The constitution also gives our government the power to regulate commerce. One of the purposes for this power is to insure that there is a level playing field for similarly situated enterprises. If the government makes exceptions, it must justify them. However, the government need not make exceptions. Once any person or entity decides to engage in commerce, it is agreeing to abide by reasonable government regulation of that commerce. For example, just because a religion endorses the use of a hallucinogen, it doesn’t mean that the government must permit a business run by such a religion to sell the drug.
So it is not infringing upon religious freedom to require, let us say Georgetown University, to provide its janitors with the same health plan as NYU. No one is requiring the Catholic Church to operate Georgetown University. But the government does have a legitimate interest in insuring that all janitors get similar health coverage.
The freedom to practice one’s religion is a freedom that pertains to activities involving worship. It is a freedom that entitles church members to assemble together and to employ free speech to convince others to follow their path. But it is not a freedom to advantage the religious institution in its commercial enterprises. Such a demand by any religious denomination is a demand for special treatment. It is a demand that our government must not agree to because it is really asking for all of us to treat as special, a specific religion. To give Catholic universities or hospitals an exemption from any labor laws that apply to similar commercial enterprises would be a violation of the constitution’s prohibition against establishing a government sanctioned religion.
What these advocates of so-called freedom of religion are arguing for is that their practices be imposed upon all of us. They want to prevent everyone from using contraceptives. They want to prevent every woman from having an abortion, regardless of the reason. So they demand that the enterprises they support get special treatment, thus an advantage over others. Over time their demands will prove insatiable, their position intractable and we will find a government edict dictating that we follow their creed. This is not a matter of freedom but a matter of theocracy.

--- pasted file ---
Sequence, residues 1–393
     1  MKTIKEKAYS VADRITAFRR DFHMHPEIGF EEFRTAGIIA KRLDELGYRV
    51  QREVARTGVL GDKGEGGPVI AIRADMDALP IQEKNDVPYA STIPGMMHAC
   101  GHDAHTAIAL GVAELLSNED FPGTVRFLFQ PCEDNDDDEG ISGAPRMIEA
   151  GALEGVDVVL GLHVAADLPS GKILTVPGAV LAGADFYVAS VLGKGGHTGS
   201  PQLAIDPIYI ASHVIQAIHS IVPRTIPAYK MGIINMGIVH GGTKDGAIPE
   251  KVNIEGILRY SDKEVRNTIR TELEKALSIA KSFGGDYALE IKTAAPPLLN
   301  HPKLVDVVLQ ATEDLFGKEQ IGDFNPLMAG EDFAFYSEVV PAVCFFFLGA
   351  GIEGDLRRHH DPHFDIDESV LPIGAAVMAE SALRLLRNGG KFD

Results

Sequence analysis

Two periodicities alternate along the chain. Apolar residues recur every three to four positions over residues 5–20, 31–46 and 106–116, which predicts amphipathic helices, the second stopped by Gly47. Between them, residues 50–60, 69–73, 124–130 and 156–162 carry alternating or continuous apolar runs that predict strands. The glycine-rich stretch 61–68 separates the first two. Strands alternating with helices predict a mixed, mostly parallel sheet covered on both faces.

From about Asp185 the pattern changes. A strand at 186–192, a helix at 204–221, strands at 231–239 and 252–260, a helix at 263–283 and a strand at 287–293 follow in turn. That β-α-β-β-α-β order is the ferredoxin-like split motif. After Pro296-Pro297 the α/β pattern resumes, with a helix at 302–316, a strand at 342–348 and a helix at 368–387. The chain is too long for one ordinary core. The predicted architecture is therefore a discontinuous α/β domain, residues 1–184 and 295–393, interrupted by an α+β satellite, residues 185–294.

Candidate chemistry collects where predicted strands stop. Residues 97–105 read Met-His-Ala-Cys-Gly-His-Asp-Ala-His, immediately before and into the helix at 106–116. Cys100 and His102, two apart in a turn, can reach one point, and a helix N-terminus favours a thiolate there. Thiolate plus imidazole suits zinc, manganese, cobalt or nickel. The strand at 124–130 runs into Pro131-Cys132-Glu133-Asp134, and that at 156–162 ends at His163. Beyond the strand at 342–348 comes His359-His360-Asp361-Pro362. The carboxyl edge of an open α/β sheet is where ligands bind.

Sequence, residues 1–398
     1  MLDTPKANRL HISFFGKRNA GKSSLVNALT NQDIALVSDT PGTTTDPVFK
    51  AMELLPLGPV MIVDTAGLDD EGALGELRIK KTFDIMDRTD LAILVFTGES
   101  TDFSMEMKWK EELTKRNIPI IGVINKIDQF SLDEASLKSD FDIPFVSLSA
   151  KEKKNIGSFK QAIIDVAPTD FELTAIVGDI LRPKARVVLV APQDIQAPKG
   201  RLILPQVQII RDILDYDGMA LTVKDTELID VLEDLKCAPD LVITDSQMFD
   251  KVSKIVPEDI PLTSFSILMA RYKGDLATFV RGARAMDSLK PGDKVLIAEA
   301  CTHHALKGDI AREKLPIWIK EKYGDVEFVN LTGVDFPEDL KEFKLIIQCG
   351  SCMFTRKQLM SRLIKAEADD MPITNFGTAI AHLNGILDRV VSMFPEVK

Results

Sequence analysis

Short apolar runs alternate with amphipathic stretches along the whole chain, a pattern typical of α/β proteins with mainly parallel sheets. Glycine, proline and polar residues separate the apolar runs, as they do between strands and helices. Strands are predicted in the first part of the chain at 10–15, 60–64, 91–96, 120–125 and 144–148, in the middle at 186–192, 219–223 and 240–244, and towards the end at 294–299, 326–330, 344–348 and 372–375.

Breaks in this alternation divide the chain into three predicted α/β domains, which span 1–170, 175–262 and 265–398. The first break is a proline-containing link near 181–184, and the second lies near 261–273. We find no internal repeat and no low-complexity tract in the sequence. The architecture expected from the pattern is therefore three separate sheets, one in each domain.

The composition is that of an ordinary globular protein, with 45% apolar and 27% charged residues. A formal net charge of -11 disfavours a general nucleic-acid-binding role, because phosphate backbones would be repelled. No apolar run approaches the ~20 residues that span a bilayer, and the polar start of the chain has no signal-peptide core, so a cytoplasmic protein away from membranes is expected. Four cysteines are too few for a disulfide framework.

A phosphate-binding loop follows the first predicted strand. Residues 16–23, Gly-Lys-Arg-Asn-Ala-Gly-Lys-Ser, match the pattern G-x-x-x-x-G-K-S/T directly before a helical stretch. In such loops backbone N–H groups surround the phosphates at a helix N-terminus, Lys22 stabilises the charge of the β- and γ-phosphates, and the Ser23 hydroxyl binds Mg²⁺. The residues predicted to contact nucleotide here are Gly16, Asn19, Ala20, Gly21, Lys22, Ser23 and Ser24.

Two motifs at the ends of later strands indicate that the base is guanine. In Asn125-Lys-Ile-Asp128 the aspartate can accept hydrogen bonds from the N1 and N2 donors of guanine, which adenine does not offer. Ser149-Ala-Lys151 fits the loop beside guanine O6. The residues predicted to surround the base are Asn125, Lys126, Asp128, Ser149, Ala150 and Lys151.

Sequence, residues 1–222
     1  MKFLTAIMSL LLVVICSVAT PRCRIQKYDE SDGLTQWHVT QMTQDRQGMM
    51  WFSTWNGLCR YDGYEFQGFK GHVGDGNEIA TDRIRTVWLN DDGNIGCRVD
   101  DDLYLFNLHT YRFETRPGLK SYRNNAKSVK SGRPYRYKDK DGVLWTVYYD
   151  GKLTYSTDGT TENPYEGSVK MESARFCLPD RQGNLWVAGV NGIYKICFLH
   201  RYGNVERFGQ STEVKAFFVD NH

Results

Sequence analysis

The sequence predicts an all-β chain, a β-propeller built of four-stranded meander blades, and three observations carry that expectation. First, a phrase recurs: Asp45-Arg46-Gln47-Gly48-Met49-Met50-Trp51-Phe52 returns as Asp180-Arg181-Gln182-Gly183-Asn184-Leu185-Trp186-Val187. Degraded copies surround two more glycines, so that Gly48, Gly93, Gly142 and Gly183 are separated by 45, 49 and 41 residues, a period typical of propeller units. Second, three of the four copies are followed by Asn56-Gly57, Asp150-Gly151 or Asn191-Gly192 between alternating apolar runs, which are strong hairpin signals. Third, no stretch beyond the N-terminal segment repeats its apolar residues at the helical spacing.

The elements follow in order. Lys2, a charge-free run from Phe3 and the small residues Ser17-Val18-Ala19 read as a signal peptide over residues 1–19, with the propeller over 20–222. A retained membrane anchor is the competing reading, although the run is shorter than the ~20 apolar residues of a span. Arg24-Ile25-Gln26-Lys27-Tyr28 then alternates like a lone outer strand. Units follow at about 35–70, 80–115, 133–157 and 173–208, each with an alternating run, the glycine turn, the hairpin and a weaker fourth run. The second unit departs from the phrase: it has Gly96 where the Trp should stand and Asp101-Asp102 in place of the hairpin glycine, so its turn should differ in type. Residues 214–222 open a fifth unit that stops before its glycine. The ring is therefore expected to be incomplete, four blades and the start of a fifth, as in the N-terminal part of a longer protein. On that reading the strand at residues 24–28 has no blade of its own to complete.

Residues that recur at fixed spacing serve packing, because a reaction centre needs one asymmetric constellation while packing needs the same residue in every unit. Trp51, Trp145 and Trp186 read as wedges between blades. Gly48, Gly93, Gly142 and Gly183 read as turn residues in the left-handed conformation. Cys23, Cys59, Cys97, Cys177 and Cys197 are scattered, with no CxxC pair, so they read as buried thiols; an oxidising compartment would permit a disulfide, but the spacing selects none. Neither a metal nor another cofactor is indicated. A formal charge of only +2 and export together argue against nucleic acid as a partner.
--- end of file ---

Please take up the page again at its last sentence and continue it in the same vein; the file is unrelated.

Once upon a time, in ancient Catholic Rome and in Europe during the Middle Ages priests were not subject to the laws of the state. They could not be tried in a civil court. They could commit any crime and walk free, unless the Catholic Church decided to discipline them. Some, like Rick Santorum, would have us go back to those days. But we must be aware of the danger, as were the drafters or our constitution. Every cleric, of every stripe should be put on clear notice that once stepping out of the church and beyond their roles as leaders of services, that upon entering into the public square the secular laws of our state apply equally to them as to everyone else. And politicians who advocate special exemptions to clerics from our secular laws, merely because of their religious affiliations, cannot without perjuring themselves, swear to uphold and defend the constitution of the United States. The likes of Santorum, Romney and Gingrich, in particular, are by their own admissions, disqualified to hold public office under our constitution. If we do not want to invite a return to the Dark Ages, we must repudiate them and their extremism.